New SysJoker Backdoor Targets Windows, Linux, and macOS

The malware is written in C++ and each sample is tailored for the specific operating system it targets.
Both the macOS and Linux samples are fully undetected in VirusTotal.
ysJoker’s behavior is similar for all three operating systems. analysts will analyze SysJoker’s behavior on Windows.

Unlike Mac and Linux samples, the Windows version contains a first-stage dropper. The dropper (d71e1a6ee83221f1ac7ed870bc272f01) is a DLL that was uploaded to VirusTotal as style-loader.ts and has only 6 detections at the time of this writing.

The Dropper drops a zipped SysJoker (53f1bb23f670d331c9041748e7e8e396) from C2 https[://]github[.]url-mini[.]com/msg.zip, copies it to C:ProgramDataRecoverySystemrecoveryWindows.zip, unzips it and executes it. All of these actions are executed via PowerShell commands.

Once SysJoker (d90d0f4d6dad402b5d025987030cc87c) is executed it sleeps for a random duration between 90 to 120 seconds. Then, it will create the C:ProgramDataSystemData directory and copy itself under this directory, masquerading as igfxCUIService.exe (igfxCUIService stands for Intel Graphics Common User Interface Service). Next, it will gather information about the machine using Living off the Land (LOtL) commands.
SysJoker uses different temporary text files to log the results of the commands. These text files are deleted immediately, stored in a JSON object, and then encoded and written to a file named microsoft_windows.dll.

It will gather the MAC address, user name, physical media serial number, and IP address (see IoCs section for the full commands list). SysJoker will create persistence by adding an entry to the registry run key HKEY_CURRENT_USERSoftwareMicrosoftWindowsCurrentVersionRun. Between each of the steps above, the malware sleeps for a random duration.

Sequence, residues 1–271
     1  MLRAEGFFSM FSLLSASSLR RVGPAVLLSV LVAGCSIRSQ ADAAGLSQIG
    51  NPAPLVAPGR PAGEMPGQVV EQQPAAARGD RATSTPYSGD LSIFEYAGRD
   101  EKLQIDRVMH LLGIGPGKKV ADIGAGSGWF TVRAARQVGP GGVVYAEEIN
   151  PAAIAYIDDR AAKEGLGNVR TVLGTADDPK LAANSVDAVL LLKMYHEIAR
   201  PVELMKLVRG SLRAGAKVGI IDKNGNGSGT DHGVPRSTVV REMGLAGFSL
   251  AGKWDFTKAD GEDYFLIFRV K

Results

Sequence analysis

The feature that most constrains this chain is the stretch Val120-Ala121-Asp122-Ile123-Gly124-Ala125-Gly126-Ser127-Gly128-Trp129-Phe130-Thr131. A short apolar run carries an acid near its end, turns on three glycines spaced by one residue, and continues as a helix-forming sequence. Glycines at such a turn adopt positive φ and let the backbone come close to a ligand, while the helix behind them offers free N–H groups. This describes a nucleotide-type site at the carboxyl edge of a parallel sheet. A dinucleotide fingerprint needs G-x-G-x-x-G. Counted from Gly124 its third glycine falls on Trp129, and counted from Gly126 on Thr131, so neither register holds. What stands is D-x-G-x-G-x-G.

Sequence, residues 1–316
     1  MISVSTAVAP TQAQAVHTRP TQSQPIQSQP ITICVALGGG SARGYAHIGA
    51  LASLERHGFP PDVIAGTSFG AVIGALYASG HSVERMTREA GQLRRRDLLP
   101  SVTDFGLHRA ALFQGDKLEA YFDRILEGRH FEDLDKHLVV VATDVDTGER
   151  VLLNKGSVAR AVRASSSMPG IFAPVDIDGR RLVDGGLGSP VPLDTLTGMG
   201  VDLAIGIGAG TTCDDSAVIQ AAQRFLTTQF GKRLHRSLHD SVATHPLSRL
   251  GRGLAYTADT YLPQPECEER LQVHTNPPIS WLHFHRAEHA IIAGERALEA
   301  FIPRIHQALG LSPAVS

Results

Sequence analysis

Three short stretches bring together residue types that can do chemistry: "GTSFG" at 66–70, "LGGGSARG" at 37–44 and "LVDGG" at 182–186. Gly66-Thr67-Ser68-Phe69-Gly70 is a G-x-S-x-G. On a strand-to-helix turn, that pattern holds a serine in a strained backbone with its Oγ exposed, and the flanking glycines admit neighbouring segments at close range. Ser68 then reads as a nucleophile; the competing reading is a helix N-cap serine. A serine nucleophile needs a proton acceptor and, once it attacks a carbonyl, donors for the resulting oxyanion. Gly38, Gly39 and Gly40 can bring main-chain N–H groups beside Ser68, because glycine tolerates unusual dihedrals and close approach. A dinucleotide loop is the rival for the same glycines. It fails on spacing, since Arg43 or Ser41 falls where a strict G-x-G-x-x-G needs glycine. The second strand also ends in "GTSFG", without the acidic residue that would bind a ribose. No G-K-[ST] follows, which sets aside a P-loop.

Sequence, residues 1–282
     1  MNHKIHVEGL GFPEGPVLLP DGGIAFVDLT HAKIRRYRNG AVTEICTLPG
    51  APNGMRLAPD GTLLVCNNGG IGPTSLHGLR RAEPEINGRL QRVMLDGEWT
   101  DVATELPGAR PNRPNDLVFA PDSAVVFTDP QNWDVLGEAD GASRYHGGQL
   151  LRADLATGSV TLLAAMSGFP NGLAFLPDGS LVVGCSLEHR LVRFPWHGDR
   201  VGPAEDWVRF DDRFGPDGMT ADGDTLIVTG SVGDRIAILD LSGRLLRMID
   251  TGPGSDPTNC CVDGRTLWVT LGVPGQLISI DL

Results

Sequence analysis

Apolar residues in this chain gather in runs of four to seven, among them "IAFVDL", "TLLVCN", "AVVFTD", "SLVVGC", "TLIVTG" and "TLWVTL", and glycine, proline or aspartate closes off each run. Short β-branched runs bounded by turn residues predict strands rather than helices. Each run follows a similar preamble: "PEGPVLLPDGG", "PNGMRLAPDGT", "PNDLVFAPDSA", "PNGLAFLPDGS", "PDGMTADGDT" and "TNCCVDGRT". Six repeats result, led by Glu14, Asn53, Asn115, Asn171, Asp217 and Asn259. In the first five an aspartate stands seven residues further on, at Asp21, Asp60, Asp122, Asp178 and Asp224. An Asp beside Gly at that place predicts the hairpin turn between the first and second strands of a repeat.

Next, SysJoker will begin its C2 communication.
SysJoker holds within the binary a hardcoded XOR key which is used for decoding and encoding strings from within the binary and data sent and received from the C2. The XOR key is an RSA public key that is not used in the decoding scheme.
The same XOR key exists in all versions of SysJoker:

MIGfMA0GCSqGSIb3DQEBAQUAA4GNADCBiQKBgQDkfNl+Se7jm7sGSrSSUpV3HUl3vEwuh+xn4q

BY6aRFL91x0HIgcH2AM2rOlLdoV8v1vtG1oPt9QpC1jSxShnFw8evGrYnqaou7gLsY5J2B06eq5UW7

+OXgb77WNbU90vyUbZAucfzy0eF1HqtBNbkXiQ6SSbquuvFPUepqUEjUSQIDAQAB

The Google Drive link hosts a text file named domain.txt that holds an encoded C2. The text file’s content changes over time, depending on the current available C2. SysJoker will decode the C2 and send the collected user’s information to the C2’s /api/attach directory as an initial handshake.
The C2 replies with a unique token which will be used as an identifier from now on when the malware communicates with the C2.

SysJoker runs a while(1) loop that sends a request to the C2’s /api/req directory with the unique token and will process the C2’s response which is built as JSON using functions from this library.
If the server responds with data, SysJoker will parse the received payload (see step 3 in the image below). SysJoker can receive the following instruction from the C2: exe, cmd, remove_reg, and exit.
remove_reg and exit are not implemented in this current version. Based on the instruction names, analysts can assume that they are in charge of self-deletion of the malware. Let’s look into exe and cmd instructions:
exe – This command is in charge of dropping and running an executable.
SysJoker will receive a URL to a zip file, a directory for the path the file should be dropped to, and a filename that the malware should use on the extracted executable.
It will download this file, unzip it and execute it.
After execution, the malware will reply to the C2’s /api/req/res API with either “success” if the process went successful or “exception” if not.

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